Second SpaceX crew flight ordered by NASA
NASA ordered from SpaceX a second post-certification mission to deliver astronauts to the International Space Station (ISS). This was the fourth and final order the agency has guaranteed through the Commercial Crew Transportation Capability (CCtCap) contract – NASA ordered the other two from Boeing.
The Commercial Crew Program aims to restore U.S. human spaceflight launch capability, which was lost when the Space Shuttle was retired in 2011. Since then, American’s have relied on the Russian Soyuz spacecraft to get to the space station. Both SpaceX and Boeing are contracted to fly crew via the Crew Dragon and CST-100 Starliner, respectively.
“The order of a second crew rotation mission from SpaceX, paired with the two ordered from Boeing will help ensure reliable access to the station on American spacecraft and rockets,” Kathy Lueders, manager of NASA’s Commercial Crew Program, said in a media release. “These systems will ensure reliable U.S. crew rotation services to the station, and will serve as a lifeboat for the space station for up to seven months.”
While Boeing received the first order, what company flies the first post-certification mission has yet to be determined. Both companies are well into testing their spacecraft.
CCtCap contracts need to be made two to three years in advance of the actual mission dates to provide each company enough time to manufacture and assemble the rocket and spacecraft. Additionally, the companies must finish the certification process before NASA can give final approval for flight.
Recently Boeing delayed their first crewed test flight to February 2018, while SpaceX is currently planning their first flight by mid-to-late 2017.
“We’re making great progress with Crew Dragon, with [the] qualification of our docking adapter and initial acceptance testing of the pressure vessel qualification unit completed,” said Gwynne Shotwell, SpaceX’s president and chief operating officer. “We appreciate the trust NASA has placed in SpaceX with the order of another crew mission and look forward to flying astronauts from American soil next year.”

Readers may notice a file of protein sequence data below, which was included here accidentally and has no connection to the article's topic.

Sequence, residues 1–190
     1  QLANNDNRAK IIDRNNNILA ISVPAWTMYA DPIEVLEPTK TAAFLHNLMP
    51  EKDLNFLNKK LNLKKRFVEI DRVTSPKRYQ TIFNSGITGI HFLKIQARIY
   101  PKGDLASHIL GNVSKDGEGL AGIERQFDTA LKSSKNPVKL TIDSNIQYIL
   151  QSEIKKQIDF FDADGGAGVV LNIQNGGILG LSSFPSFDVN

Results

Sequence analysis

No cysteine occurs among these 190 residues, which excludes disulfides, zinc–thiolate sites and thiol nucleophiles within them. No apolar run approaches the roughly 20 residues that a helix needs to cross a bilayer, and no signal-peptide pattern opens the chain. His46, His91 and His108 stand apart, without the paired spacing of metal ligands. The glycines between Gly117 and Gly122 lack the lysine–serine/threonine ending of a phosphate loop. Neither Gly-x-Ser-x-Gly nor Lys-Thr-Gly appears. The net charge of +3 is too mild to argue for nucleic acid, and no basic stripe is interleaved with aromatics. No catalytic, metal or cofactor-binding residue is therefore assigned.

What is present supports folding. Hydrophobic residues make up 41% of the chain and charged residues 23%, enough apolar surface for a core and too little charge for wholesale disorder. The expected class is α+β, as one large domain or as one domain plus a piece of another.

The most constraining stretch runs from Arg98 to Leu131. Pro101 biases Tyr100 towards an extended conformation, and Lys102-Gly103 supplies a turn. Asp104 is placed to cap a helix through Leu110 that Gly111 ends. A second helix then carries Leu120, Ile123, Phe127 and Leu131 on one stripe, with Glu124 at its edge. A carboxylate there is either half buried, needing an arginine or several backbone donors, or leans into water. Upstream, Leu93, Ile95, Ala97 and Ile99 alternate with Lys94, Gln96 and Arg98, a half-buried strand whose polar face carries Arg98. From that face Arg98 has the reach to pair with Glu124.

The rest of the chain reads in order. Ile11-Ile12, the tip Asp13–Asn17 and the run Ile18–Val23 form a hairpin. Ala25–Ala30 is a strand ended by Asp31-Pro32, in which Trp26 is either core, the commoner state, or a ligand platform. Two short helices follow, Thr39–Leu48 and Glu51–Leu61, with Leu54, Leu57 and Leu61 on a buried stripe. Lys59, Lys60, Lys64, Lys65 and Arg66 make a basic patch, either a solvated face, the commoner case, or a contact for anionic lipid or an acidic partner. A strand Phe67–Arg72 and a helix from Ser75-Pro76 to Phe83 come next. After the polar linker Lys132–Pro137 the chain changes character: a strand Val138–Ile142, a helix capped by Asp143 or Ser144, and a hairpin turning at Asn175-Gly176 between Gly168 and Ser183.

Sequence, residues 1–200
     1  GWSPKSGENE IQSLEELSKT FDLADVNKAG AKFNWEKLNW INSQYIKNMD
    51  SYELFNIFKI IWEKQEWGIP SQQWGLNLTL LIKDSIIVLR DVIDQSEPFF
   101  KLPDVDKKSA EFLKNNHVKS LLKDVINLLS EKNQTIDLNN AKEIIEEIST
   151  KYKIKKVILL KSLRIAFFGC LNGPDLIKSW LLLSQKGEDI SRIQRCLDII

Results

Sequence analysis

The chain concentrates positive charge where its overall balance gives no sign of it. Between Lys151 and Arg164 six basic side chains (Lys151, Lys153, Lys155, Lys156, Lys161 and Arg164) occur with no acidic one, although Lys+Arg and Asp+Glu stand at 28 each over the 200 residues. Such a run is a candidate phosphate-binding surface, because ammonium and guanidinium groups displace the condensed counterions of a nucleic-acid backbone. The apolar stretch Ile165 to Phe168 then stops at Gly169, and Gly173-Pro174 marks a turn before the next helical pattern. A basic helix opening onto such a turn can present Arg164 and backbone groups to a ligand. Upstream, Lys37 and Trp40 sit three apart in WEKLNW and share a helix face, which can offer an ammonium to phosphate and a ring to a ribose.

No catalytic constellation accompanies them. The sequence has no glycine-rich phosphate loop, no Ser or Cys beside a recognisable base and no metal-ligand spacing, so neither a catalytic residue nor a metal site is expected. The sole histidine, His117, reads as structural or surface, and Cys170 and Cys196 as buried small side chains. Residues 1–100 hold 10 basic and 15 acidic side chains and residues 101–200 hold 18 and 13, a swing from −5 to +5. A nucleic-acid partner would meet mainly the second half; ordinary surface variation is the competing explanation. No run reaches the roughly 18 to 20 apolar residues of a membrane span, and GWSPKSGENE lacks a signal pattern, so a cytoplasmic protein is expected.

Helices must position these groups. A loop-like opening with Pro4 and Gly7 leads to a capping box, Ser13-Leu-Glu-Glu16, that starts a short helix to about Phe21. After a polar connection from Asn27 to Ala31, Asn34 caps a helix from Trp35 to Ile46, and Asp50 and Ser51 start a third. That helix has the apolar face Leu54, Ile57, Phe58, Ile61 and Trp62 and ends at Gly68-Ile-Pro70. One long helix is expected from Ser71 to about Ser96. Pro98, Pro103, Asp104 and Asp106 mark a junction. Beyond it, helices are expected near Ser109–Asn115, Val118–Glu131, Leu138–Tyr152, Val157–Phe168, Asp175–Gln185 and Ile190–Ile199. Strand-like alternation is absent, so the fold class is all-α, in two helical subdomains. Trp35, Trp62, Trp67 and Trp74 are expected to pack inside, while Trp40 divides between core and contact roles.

Crew Dragon testing is expected to ramp up in the next year. Currently, the first uncrewed test of the spacecraft is expected to launch in May 2017. Sometime after that, SpaceX plans to conduct and in-flight abort to test the SuperDraco thrusters while the rocket is traveling through the area of maximum dynamic pressure – Max Q.
The first crewed test flight of the Crew Dragon is expected to fly as early as late summer 2017. NASA has named four astronauts – Robert Behnken, Eric Boe, Douglas Hurley, and Sunita Williams – as the first to fly in commercial crew capsules. Their order of flight has yet to be decided.
A standard commercial crew mission to the ISS will carry as many as four crew members and 220 pounds (100 kilograms) of pressurized cargo. The capsule will remain at the station for up to 210 days to serve as a lifeboat.
“With the commercial crew vehicles from Boeing and SpaceX, we will soon add a seventh crew member to the space station missions, which will significantly increase the amount of crew time to conduct research,” said Julie Robinson, NASA’s International Space Station chief scientist. “Given the number of investigations waiting for the crew to be able to complete their research, having more crew members will enable NASA and our partners to significantly increase the important research being done every day for the benefit of all humanity.”
Currently, six people reside regularly at the outpost – three Russians, two Americans, and a single astronaut from another participating space agency. It is unclear exactly when the seventh member will be added, however.
Derek Richardson has a degree in mass media, with an emphasis in contemporary journalism, from Washburn University in Topeka, Kansas. While at Washburn, he was the managing editor of the student run newspaper, the Washburn Review. He also has a blog about the International Space Station, called Orbital Velocity. He met with members of the SpaceFlight Insider team during the flight of a United Launch Alliance Atlas V 551 rocket with the MUOS-4 satellite. Richardson joined our team shortly thereafter. His passion for space ignited when he watched Space Shuttle Discovery launch into space Oct. 29, 1998. Today, this fervor has accelerated toward orbit and shows no signs of slowing down. After dabbling in math and engineering courses in college, he soon realized his true calling was communicating to others about space. Since joining SpaceFlight Insider in 2015, Richardson has worked to increase the quality of our content, eventually becoming our managing editor.